What are the Keys to the Father’s House? The Prodigal Son Parable Explained (Lk 15: 11-32)

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One of the best ways to enrich your experience at Sunday Mass is to pray the gospel reading personally. A great way of doing this is using the “Lectio Divina”; this is a powerful method which we explain here. The following is the Sunday gospel reading with a reflection that is especially aimed at youth.

We hope that this reflection on the parable of the Prodigal Son helps you in your personal prayer and that it serves as a resource that you can share with your apostolate.

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Gospel of the Fourth Sunday of Lent (Lk 15: 11-32)

Tax collectors and sinners were all drawing near to listen to Jesus, but the Pharisees and scribes began to complain, saying, “This man welcomes sinners and eats with them.” So to them Jesus addressed this parable: “A man had two sons, and the younger son said to his father, ‘Father give me the share of your estate that should come to me.’ So the father divided the property between them. After a few days, the younger son collected all his belongings and set off to a distant country where he squandered his inheritance on a life of dissipation.

When he had freely spent everything, a severe famine struck that country, and he found himself in dire need. So he hired himself out to one of the local citizens who sent him to his farm to tend the swine. And he longed to eat his fill of the pods on which the swine fed, but nobody gave him any. Coming to his senses he thought, ‘How many of my father’s hired workers have more than enough food to eat, but here am I, dying from hunger. I shall get up and go to my father and I shall say to him, “Father, I have sinned against heaven and against you. I no longer deserve to be called your son; treat me as you would treat one of your hired workers.”’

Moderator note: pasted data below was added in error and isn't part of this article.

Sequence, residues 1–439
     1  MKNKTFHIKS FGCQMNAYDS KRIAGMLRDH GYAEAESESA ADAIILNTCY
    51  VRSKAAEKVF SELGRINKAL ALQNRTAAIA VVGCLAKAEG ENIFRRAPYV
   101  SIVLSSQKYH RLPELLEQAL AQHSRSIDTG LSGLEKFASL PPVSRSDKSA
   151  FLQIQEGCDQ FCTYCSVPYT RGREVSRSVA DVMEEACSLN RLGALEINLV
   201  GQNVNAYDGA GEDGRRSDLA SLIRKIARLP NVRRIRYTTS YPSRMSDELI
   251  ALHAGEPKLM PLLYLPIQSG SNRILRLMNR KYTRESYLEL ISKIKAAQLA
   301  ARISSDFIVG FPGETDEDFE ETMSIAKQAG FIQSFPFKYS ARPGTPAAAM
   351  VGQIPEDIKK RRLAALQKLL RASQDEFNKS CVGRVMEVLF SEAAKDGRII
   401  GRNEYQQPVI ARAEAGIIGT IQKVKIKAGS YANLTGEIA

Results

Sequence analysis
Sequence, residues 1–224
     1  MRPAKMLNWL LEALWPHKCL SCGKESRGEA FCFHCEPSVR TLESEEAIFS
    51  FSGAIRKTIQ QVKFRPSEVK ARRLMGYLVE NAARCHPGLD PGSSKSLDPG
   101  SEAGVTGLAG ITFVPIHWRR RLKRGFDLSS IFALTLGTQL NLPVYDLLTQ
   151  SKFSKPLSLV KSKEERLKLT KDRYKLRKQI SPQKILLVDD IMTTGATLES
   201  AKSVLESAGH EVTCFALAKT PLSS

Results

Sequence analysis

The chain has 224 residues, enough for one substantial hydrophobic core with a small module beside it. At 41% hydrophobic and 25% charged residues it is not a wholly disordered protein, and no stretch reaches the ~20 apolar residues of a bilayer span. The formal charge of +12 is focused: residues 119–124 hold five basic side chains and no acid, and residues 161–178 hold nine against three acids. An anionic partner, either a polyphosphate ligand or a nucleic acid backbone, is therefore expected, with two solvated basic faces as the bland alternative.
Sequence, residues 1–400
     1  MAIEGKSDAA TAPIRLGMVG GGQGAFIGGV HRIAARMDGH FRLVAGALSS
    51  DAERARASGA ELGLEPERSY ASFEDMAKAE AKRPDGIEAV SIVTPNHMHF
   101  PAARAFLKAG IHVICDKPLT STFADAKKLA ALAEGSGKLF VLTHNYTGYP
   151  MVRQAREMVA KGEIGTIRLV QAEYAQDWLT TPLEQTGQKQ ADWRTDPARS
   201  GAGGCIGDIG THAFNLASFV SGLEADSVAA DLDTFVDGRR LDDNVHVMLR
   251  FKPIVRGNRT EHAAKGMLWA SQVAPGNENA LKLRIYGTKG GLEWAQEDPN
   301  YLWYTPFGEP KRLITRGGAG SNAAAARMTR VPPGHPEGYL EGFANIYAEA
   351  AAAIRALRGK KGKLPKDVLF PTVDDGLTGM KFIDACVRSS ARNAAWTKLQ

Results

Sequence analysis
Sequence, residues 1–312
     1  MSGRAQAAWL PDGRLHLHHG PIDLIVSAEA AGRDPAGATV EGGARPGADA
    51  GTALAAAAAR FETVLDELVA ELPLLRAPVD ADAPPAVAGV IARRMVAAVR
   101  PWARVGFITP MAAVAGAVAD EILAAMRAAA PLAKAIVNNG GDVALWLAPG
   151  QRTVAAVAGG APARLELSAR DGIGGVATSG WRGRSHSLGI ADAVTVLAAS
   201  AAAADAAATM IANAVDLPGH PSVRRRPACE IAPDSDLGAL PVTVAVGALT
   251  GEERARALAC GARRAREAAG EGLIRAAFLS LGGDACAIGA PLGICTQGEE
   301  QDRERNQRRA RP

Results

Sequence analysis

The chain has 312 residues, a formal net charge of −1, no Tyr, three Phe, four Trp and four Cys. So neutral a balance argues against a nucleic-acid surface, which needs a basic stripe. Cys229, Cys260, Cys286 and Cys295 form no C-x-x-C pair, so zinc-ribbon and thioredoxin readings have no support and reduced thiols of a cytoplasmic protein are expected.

So he got up and went back to his father. While he was still a long way off, his father caught sight of him, and was filled with compassion. He ran to his son, embraced him and kissed him. His son said to him, ‘Father, I have sinned against heaven and against you; I no longer deserve to be called your son.’ But his father ordered his servants, ‘Quickly bring the finest robe and put it on him;
put a ring on his finger and sandals on his feet. Take the fattened calf and slaughter it. Then let us celebrate with a feast, because this son of mine was dead, and has come to life again; he was lost, and has been found.’ Then the celebration began.

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Now the older son had been out in the field and, on his way back, as he neared the house, he heard the sound of music and dancing. He called one of the servants and asked what this might mean.